Notice that the title says ‘Causes’. There’s little doubt that different pathway end up in the state we know as “chronic fatigue syndrome”. The definition is too broad and the responses to treatments are too variable for this disease not to demonstrate significant heterogeneity.
That said, some common findings have emerged and most researchers appear to believe ME/CFS is a multi-systemic disorder involving the autonomic, immune and neuroendocrine systems.
Triggering Chronic Fatigue Syndrome (ME/CFS): Infection, injury, physical or psychological stress, toxin exposure, vaccination and other stressful events have been reported to trigger ME/CFS.
Study findings suggesting that high cytokine levels and severe symptoms predispose people with colds to come down with ME/CFS are the closest, however, researchers have come to disentangling this complex process.
The Central Nervous System: Abnormal patterns of brain activity, reduced brain blood flows and brain volume, small brain lesions,high brain lactate levels, and others suggest areas of the brain involved in the stress response, energy production, concentration, motivation, fatigue and pain are damaged in chronic fatigue syndrome (ME/CFS). Natelson’s research suggests ME/CFS patients without mood disorders have increased rates of central nervous system abnormalities. Areas of particular interest in the brain include the brainstem, the prefrontal cortex, insula, orbitofrontal cortex and anterior cingulate, and the connections between these regions. Recent studies suggest neuroinflammation could be a core problem.
Immune Defects: The flu-like symptoms chronic fatigue syndrome (ME/CFS) patients often experience at the diseases onset has made the immune system an important research emphasis. Several immune abnormalities could contribute to the problems patients face. Many immune studies, however, have produced inconsistent findings.
- Natural Killer (NK) and T-cell Dysfunction – NK dysfunction is consistently found and recent reports suggest a similar dysfunction may occurs in the T-cells.
- Th1/Th2 Imbalance – There are two general branches (Th1/Th2) of the immune system. Some patients appear to have an over activation of the anti-inflammatory (Th2) branch and an under activation of the pro-inflammatory (Th1) branch of the immune system. This could cause increased rates of allergy and sensitivity on the one hand and difficulty fighting off pathogens on the other.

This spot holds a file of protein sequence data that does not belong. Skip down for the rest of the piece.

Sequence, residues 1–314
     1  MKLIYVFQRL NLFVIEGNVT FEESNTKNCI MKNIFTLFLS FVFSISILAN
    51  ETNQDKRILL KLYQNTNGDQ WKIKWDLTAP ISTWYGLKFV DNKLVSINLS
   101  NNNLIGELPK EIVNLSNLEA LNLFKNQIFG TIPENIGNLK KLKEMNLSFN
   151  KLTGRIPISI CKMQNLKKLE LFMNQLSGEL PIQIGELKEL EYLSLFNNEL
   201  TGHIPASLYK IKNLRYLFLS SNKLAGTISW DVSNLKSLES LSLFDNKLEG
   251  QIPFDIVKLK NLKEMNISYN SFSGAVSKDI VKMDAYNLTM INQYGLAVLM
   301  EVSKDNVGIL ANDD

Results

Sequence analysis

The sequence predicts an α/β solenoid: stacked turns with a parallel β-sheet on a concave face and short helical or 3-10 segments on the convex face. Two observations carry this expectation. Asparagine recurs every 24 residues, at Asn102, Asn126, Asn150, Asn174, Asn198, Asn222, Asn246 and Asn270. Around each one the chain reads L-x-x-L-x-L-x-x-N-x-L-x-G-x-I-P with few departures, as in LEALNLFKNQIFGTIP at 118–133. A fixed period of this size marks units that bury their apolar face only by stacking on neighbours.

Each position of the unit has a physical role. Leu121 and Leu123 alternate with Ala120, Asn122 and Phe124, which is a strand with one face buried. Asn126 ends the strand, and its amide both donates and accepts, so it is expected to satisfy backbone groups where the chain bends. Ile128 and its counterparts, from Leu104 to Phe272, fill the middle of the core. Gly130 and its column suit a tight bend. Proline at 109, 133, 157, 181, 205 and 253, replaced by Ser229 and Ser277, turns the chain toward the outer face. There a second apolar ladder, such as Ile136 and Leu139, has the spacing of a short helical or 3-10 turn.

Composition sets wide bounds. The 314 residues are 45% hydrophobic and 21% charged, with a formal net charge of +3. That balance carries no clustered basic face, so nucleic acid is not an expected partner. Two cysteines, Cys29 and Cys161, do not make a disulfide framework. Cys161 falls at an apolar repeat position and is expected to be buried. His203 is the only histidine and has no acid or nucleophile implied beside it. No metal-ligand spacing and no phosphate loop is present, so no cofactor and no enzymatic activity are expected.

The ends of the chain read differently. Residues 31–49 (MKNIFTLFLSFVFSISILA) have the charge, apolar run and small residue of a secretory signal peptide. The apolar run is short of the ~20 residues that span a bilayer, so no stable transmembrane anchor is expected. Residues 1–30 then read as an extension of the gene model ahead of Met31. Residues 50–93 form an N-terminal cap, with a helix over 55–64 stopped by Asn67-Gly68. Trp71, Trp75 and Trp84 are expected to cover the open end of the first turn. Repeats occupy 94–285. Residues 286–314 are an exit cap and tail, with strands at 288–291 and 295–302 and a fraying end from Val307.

- Th17 – recent studies suggest the Th17 system regulating inflammation and autoimmune processes may be affected.
- Autoimmune – Two successful Rituximab trials have sparked interest in B-cells and autoimmune processes in ME/CFS.
An Undiagnosed Chronic Infection: Several researchers propose ‘atypical’ herpesvirus (HHV6, EBV, Enterovirus) infections are triggering an immune response that is causing the symptoms of ME/CFS. Others believe a difficult to diagnose brain infection (HHV6A) may be present.
Increased Sympathetic and Decreased Parasympathetic Nervous System (SNS/PNS) Activation: Narrowed blood vessels and low blood volume associated with increased SNS activity could caused reduced brain and muscle blood flows, heart abnormalities under stress and other problems seen in chronic fatigue syndrome (ME/CFS). Reduced PNS activity could also contribute to unrefreshing sleep.Impaired Stress Response: Impaired hypothalamic-pituitary-adrenal (HPA) axis functioning (apparently at the hypothalamus) and reduced cortisol levels are present in some patients. Chronically impaired HPA axis functioning could set the stage for a Th2 imbalance but the research into this area has tapered off in recent years.
Genetics: Recent studies suggest a strong genetic component is present in both ME/CFS and FM. Several gene mutation studies have found increased rates of neuro-endocrine and immune mutations. The Open Medicine Institute is currently examining HLA genes in ME/CFS.